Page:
ENGINEERING and manufacturing firm Siemens could create around 50 jobs in Leeds over the next five years, provided the UK continues to invest in offshore wind technology, it was revealed yesterday.
Juergen Maier, the managing director of Siemens’ UK and Ireland industry sector, made the comments as he attended a major summit to discuss the fate of manufacturing in Yorkshire.
The event, which was organised by Marketing Leeds, attracted 70 business leaders to the Ellington Building on Leeds Valley Park.
Earlier this year, Siemens invested £1.2m to transfer its mechanical drives business from Bradford to new premises in Stourton, Leeds.
Most of the site’s 54 staff transferred from the Bradford base, which Siemens had outgrown.
The move enabled the operation to handle bigger contracts, including work to support the group’s offshore wind turbine manufacturing plant in Hull. Mr Maier said yesterday: “We’ve started the operation in Leeds fairly small, it employs around 60 people. In terms of revenues and the number of people we will employ, it will at least double in size over the next five years, on the back largely of offshore wind technology.”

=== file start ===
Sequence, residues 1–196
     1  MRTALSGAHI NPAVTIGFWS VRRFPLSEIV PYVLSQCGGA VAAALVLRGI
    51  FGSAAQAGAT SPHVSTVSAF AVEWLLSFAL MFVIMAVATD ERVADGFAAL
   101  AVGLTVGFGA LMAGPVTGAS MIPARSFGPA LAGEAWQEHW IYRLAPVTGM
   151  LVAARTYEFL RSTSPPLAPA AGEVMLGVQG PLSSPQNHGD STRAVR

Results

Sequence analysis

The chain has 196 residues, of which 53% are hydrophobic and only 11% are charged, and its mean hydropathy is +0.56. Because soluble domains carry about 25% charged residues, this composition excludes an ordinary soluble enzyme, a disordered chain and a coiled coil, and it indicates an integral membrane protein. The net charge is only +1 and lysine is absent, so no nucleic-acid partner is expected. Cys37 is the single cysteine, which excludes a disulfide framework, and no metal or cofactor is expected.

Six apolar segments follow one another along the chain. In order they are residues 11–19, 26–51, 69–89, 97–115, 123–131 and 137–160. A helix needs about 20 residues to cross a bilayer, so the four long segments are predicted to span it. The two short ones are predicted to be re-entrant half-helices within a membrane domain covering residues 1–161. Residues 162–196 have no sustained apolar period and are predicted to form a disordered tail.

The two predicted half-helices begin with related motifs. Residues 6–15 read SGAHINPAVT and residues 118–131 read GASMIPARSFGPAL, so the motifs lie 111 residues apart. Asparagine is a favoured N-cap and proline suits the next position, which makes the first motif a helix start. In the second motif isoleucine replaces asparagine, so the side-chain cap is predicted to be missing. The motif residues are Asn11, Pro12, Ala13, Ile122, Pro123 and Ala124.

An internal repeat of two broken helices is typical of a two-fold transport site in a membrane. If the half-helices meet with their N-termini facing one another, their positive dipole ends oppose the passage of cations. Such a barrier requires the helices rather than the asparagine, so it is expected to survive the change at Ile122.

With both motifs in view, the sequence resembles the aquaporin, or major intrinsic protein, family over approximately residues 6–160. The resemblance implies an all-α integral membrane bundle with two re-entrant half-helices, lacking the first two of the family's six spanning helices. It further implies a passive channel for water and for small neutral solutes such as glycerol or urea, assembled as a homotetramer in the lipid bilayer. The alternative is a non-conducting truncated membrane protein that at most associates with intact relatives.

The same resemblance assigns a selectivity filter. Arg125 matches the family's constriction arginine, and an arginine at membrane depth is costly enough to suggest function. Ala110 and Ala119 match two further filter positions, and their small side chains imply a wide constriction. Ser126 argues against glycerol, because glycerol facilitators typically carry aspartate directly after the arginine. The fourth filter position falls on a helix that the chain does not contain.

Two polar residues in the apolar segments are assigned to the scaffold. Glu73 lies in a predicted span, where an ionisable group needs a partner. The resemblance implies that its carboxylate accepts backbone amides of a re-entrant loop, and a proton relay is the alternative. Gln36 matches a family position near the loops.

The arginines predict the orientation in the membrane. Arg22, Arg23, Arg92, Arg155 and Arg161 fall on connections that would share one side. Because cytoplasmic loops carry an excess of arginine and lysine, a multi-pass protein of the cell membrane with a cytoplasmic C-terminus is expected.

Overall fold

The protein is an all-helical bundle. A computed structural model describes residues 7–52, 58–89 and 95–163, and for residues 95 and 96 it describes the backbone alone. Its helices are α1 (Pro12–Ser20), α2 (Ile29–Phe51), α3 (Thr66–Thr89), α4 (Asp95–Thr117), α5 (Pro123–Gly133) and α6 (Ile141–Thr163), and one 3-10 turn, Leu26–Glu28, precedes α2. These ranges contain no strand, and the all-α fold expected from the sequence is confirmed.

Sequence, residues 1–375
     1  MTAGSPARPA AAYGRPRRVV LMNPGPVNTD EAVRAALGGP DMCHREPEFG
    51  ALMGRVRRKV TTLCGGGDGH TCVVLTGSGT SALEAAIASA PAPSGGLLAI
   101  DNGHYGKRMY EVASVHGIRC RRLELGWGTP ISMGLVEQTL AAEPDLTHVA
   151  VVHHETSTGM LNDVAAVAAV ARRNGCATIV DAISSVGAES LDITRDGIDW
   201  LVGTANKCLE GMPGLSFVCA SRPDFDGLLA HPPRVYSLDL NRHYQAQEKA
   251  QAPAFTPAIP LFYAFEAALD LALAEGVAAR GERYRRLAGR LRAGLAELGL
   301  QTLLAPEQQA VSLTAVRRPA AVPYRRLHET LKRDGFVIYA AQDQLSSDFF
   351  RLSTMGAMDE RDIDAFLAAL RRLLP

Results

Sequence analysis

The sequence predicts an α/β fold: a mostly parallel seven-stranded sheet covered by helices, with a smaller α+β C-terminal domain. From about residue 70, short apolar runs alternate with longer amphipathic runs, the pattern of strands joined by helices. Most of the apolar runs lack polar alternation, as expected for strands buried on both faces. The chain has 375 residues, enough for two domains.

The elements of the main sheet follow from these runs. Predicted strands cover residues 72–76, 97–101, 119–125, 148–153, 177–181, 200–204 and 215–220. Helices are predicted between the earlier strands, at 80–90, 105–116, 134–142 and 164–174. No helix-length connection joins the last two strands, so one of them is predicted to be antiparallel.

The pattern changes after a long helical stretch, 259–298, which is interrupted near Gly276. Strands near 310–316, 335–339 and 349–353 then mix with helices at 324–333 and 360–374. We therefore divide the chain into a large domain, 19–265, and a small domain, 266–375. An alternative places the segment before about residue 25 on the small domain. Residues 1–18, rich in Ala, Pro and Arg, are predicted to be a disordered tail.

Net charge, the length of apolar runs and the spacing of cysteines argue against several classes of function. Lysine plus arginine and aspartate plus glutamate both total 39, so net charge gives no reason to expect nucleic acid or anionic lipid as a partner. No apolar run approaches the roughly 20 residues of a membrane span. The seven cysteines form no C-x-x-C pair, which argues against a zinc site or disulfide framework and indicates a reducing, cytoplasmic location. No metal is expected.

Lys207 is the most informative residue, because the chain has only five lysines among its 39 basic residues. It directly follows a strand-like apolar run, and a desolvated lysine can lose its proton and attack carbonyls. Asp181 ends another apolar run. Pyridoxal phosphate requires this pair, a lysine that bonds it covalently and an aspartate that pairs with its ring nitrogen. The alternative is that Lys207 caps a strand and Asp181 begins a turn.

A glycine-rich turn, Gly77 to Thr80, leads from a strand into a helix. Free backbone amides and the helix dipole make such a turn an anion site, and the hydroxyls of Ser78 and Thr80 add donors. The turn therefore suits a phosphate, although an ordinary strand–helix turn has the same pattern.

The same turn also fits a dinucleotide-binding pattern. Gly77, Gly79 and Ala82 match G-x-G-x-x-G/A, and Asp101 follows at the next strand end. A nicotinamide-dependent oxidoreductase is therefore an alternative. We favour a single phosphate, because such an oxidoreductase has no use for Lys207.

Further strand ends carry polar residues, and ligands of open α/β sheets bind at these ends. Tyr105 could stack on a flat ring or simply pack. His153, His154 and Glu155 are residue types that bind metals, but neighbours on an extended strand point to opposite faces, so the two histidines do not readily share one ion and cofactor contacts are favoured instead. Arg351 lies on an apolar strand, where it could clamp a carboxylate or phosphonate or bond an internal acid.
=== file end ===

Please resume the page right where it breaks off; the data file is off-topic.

When asked if this would lead to more jobs, he replied: “Another 50 staff wouldn’t be out of the question, as long as the investment carries on in terms of offshore wind.”
He warned that Britain’s economy is facing a challenging period.
He added: “The next 12 months are going to be quite difficult. Things are going to slow down, there’s going to be less consumer spending coming in, which ultimately has a knock-on (effect) on manufacturing. But medium to long term, I’m very optimistic. We do need to renew and upgrade our infrastructure here in the UK. The world is consuming more because we’ve got a growing population. In the medium to long term the opportunity is great.”
Mr Maier said he believed that more young people should consider becoming engineering apprentices.
He added: “When I speak to apprentices they think they’ve made the right choice. The problem is that parents, teachers and careers advisers don’t have the right image of engineering.”
Mr Maier, who was born in Germany but grew up in Leeds, said many engineering firms were holding on to obsolete technology. He said it would make more sense to throw out old equipment and replace it with something that was more efficient.
He added: “We put a lot of money into research and development in this country but it tends to go into specific university research activities and that doesn’t often lead to the products being commercially developed here in the UK.”
Mr Maier said greater collaboration was needed between the Government and industry to develop high speed rail services and offshore wind turbines.